Bivying on ice is both cold and of uncertain stability, so I kept going until I simple went into some trees, having gone just past Egypt Mountain. I made a little trench, unrolled my bivy bundle (one of the few things that worked as well as I hoped – I just had to undo a few buckes and the bivy, pad and sleeping bag unrolled into a ready to use bivy setup …), flipped my sled for additional wind cover and crawled into my bivy. However, that was really the only thing that went well … bivying is a rather cramped affair, and additionally I needed to put my shoes, water and all my clothing into the sleeping bag which didn’t really add comfort. I put my shoes under my legs to lift them a little, something that makes sense for a runner but alas – not when it’s -40F. Generally you don’t want to do anything to reduce circulation in your extremities, and of course that’s just what I did … I felt warm but mighty uncomfortable in my cocoon and kept hyperventilating with the feeling of not getting enough air. Once I found an acceptable opening of my bivy zipper I calmed down … and had to pee. Trying to unzip the bivy zippers one got stuck (note to self: don’t use superlight gear when your life depends on it … unless you know it really works) but fortunately it was a double zip … After THAT I finally calmed down enough to fall asleep for a little while … When I woke up at maybe 6 panic struck me – my toes were really cold, and the toenail of my right big toe felt sort of numb and icy cold. I had a big blister underneath the toenail from snowshoeing and I wondered if that liquid actually might have frozen – it sure felt like it. I wiggled my toes like a madman and finally came to the conclusion everything was still working. The rest of my body was toasty warm … which isn’t a nice thing if you know you have to get up into the icy cold. I dozed a little longer, reluctant to get out because it seemed really cold outside … but finally got up. I was disconcertingly disorganized though my gigantic down jacket prevented any major panic attacks – that thing is seriously warm! Sadly I had to eventually take it off and put my shell jacket on … I felt ok for quite a while, it was cold but I was moving ok, passing the farewell lakes (which wouldn’t have made for an inviting bivy spot either). It turned out to be a very clear and beautiful sunny day, and I walked reasonably contently (despite my back again bothering me) along the trail that went through swamps and sparse spruce woods, every now and then catching a glimpse of the Alaska range behind me. The bareish tussocky trail gave way to a more reasonable snow level.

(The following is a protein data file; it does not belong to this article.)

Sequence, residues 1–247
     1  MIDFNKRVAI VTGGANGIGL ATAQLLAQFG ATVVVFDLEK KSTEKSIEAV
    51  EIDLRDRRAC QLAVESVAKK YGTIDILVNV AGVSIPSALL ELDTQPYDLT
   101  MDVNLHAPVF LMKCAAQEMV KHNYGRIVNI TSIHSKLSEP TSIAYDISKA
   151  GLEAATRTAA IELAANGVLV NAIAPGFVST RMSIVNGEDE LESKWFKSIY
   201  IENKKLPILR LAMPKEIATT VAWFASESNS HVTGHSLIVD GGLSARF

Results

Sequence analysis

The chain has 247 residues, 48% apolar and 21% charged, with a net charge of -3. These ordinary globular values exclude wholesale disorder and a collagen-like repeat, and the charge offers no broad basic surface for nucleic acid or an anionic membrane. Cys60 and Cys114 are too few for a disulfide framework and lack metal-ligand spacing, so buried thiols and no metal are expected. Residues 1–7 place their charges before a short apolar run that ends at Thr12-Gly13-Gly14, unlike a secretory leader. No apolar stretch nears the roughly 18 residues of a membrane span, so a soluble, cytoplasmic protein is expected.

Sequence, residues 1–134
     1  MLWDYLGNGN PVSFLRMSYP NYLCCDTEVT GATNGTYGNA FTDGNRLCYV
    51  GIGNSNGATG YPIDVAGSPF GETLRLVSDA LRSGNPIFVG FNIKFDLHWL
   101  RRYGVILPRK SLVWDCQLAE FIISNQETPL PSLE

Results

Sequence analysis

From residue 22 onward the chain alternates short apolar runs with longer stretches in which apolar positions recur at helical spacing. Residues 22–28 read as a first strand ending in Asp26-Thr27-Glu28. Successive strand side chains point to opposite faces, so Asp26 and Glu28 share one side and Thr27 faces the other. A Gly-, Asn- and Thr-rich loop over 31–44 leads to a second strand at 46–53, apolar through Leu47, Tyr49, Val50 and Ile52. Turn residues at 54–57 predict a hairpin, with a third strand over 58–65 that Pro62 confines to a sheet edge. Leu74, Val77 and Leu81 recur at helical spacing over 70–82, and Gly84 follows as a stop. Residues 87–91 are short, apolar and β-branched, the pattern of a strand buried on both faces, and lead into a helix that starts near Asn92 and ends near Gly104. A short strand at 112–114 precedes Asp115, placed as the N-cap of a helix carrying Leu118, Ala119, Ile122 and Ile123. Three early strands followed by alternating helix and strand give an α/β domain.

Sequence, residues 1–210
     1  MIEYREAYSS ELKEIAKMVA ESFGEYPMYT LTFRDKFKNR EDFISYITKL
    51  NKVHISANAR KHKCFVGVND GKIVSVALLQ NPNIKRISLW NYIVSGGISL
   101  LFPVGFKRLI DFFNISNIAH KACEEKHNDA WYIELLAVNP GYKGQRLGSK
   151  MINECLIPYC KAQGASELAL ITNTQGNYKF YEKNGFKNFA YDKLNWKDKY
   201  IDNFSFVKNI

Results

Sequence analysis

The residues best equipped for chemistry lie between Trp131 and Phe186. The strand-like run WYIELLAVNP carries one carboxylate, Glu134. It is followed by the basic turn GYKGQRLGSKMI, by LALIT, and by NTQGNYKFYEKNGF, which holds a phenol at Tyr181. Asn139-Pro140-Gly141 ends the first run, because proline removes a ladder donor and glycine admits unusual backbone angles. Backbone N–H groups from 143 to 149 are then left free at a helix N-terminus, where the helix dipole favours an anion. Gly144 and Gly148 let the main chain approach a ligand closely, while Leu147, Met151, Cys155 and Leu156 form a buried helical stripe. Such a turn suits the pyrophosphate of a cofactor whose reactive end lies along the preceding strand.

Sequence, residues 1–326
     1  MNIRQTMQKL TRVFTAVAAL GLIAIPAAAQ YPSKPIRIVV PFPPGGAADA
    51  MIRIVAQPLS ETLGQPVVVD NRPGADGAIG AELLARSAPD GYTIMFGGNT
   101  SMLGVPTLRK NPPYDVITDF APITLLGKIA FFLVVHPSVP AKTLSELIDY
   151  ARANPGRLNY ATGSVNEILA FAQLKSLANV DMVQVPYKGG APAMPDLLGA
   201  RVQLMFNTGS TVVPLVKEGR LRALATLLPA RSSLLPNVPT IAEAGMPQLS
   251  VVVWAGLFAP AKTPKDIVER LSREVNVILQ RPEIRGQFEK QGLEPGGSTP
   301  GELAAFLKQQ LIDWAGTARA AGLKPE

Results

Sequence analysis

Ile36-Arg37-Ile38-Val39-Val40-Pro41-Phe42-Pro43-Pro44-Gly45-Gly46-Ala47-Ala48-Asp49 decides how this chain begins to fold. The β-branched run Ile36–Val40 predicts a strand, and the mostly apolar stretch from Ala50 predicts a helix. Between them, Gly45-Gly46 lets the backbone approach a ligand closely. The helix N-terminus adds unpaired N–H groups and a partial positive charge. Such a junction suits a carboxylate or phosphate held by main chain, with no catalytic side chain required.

Pretty day in the burn

The terrain still was rolling, often crossing creeks and swamps which means you drop steeply on one side, flatten out for a dozen or so yards and then climb up a bit again – not much, but just enough you wouldn’t think it was easy. I decided it was a good time to call Jill and she told me about what was to come. Shortly after that, I decided it would be a good idea to take a picture of the Alaska range behind me … to find I had lost my camera!

Got my camera back!!!

I sort of panicked and unpacked my sled about two times to no avail. I left my sled and ran back on the trail for probably half a mile or maybe even a mile – but nope. I felt strangely strong and free without the anchor, and at the same time very naked. And surprised that, indeed, I could still run! Back at the sled I was overcome with sadness about not being able to share my adventure with Jill and called her, distraught. Resigned in my fate I carried on, when a group of snowmachiners – the only people I had seen all day so far – pulled up. The first guy asked me “Did you lose a camera?” – “Indeed I did” – “We found it about 7 miles back” and he gave it back to me! I thanked him profusely – what were the chances! There’s nothing like that to re-energize you, and I motored on, much happier.